Malaysia invests in a fresh start for business

The government wants to create its own rival to Singapore from scratch, writes Jamie Dunkley

Set in the lush surroundings of the Wiltshire countryside, Marlborough College is every bit the classic British institution. Founded in 1843, the £31,350-a-year boarding school counts Sir John Betjeman, Samantha Cameron and the Middletons amongst its alumni, yet its latest venture is more than 6,000 miles away

Marlborough is just one of the many British investors in Iskander, a 772-square mile development bordering Singapore at the southern tip of Malaysia.

The project has already attracted £25bn in investment since it was created in 2007. As well as Marlborough College, Pinewood Studios, Thistle Hotels, Newcastle University and the University of Southampton have already set up shop. Merlin Entertainments also opened Asia's first Legoland in the area last year and more look set to follow.

Khairil Anwar Ahmad, head of state-backed developer Medini Iskandar Malaysia, says the urban township of Medini – which he hopes will eventually have a population of half a million people – is the centre point of the plans.

As well as regenerating a part of Malaysia that needed investment, he believes it can become one of the most important centres in the fast-growing region of south-east Asia and compete with larger rivals such as nearby Singapore and Kuala Lumpur.

"Before we started this project, Iskandar was the kind of place you passed through on your way to somewhere else," he says.

"We are developing a township that will be a catalyst for economic growth across the region. All the infrastructure is completed – the roads, the rail network, the power supply. We want to promote sustainable development and reduce the carbon footprint in Iskandar."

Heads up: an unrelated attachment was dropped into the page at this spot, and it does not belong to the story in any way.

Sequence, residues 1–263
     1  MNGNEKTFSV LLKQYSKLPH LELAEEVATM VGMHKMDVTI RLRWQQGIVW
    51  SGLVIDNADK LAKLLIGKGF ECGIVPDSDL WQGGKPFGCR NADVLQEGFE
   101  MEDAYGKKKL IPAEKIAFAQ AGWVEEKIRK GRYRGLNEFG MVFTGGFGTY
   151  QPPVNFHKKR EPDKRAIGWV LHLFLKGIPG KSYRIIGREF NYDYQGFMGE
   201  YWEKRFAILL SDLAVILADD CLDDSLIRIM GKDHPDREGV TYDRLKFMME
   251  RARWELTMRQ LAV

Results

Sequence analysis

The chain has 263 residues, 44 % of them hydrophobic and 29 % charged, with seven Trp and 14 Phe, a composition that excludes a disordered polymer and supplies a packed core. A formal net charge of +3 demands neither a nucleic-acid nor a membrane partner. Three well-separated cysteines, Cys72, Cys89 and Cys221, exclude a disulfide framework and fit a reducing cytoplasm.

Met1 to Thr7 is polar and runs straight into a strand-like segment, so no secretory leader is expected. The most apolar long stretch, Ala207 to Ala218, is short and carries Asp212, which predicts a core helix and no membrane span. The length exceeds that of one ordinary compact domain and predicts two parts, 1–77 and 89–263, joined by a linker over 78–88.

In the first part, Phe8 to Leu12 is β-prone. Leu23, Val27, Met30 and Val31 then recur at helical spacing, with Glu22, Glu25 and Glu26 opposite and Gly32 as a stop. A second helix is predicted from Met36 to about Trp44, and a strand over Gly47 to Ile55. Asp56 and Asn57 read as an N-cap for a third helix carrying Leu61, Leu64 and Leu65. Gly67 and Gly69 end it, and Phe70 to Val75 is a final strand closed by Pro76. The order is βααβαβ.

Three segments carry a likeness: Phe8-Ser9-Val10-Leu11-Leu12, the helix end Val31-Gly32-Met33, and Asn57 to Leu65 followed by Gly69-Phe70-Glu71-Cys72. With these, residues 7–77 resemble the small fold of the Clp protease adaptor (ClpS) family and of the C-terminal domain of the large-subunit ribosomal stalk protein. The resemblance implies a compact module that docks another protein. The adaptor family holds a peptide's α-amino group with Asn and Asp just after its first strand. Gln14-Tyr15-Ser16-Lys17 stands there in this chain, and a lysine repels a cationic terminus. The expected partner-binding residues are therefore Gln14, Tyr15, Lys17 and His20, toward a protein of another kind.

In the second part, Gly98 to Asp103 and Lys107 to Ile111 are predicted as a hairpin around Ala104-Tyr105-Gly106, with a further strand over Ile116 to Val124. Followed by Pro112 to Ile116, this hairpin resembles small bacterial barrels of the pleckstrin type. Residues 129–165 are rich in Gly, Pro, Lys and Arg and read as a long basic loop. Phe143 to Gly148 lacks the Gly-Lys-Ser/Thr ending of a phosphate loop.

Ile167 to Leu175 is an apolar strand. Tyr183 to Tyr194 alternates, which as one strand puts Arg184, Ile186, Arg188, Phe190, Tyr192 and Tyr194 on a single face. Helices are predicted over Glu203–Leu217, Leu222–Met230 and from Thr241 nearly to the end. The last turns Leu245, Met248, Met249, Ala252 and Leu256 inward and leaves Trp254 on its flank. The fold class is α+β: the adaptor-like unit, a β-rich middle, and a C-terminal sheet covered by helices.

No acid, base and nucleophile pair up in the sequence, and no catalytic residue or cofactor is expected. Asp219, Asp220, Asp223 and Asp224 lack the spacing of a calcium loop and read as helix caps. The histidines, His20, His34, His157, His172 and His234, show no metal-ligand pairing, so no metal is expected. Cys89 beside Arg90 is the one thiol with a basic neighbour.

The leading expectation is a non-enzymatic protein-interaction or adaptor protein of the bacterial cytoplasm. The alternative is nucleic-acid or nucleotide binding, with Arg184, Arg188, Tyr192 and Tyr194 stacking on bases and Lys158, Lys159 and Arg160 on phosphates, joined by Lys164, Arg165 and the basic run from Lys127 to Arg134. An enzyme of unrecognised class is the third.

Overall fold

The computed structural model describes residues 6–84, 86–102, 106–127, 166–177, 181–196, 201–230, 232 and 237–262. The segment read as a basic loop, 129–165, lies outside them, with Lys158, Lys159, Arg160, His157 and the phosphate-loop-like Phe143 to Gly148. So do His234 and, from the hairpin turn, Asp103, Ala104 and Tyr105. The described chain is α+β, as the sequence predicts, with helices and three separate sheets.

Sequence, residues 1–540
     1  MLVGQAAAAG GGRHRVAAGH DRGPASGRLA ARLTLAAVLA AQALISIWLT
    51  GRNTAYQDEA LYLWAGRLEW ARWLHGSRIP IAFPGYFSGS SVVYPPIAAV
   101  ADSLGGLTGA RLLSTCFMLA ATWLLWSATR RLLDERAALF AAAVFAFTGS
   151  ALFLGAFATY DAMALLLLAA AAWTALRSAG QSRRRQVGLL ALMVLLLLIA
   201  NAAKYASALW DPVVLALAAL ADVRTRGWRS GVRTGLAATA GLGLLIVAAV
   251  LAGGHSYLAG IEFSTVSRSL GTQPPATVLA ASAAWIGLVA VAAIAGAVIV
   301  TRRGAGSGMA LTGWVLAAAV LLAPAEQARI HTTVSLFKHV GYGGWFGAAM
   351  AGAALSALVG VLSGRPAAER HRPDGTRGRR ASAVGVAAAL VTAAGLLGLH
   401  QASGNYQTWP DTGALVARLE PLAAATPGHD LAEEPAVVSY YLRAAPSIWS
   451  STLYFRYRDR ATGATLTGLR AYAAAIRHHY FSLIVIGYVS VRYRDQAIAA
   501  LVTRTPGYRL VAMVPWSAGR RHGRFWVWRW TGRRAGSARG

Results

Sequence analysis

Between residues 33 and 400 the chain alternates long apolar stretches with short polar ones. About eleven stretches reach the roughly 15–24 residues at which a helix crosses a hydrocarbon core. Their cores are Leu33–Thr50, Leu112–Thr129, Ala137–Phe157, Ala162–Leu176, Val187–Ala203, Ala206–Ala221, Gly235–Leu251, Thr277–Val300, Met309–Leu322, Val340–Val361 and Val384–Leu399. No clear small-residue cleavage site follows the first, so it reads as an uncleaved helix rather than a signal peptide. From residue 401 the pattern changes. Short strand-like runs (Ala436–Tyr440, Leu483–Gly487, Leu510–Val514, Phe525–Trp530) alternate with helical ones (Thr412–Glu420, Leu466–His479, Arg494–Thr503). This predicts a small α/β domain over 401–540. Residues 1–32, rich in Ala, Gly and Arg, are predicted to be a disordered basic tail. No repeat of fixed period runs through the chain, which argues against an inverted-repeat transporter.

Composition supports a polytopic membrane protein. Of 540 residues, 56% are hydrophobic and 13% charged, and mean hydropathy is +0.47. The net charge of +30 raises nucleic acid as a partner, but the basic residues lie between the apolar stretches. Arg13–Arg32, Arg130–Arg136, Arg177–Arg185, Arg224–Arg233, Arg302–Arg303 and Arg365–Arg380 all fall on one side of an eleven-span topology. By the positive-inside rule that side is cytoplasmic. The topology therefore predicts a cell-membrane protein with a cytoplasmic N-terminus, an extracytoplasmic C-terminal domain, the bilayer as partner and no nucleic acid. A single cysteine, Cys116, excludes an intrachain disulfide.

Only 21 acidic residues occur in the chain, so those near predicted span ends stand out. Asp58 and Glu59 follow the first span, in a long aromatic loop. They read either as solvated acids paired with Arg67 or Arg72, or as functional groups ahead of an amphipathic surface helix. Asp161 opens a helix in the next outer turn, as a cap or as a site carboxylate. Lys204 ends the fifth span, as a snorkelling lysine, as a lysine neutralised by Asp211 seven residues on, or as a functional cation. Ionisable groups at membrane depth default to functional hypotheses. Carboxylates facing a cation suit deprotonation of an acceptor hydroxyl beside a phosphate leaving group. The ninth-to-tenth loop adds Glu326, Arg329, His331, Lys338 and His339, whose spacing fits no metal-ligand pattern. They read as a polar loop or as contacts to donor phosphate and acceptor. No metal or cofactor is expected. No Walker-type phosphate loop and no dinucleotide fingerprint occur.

The developers are hoping to attract investment in areas such as education, leisure and tourism, healthcare, creative industries and logistics. British financial services providers are also at the top of Mr Ahmad's wish-list and he believes the fact that Iskandar is becoming an attractive place to work, live and study will attract big businesses.

"We have spoken to British companies who say they find Singapore too costly and are considering Iskandar as alternative destination to base some of their operations. One British bank, for example, is considering moving 2,000 staff out of Singapore and is looking at Iskander as an alternative."

It is not just British companies that are taking advantage of the generous incentives –including tax breaks – being offered by the Malaysian government. Chinese developers have bought land in Medini while large US corporates like consultancy Frost & Sullivan have rented commercial space. Dutch footballing legend Johan Cruyff has even opened an Institute for Sports Studies.

Mr Ahmad adds: "Investments like Pinewood are creating a whole new ecosystem that wasn't in the country before ...make-up artists, sound men, carpenters for the set - demands for all types of companies. We are very privileged and proud to have companies like this planting their flag in Iskandar."

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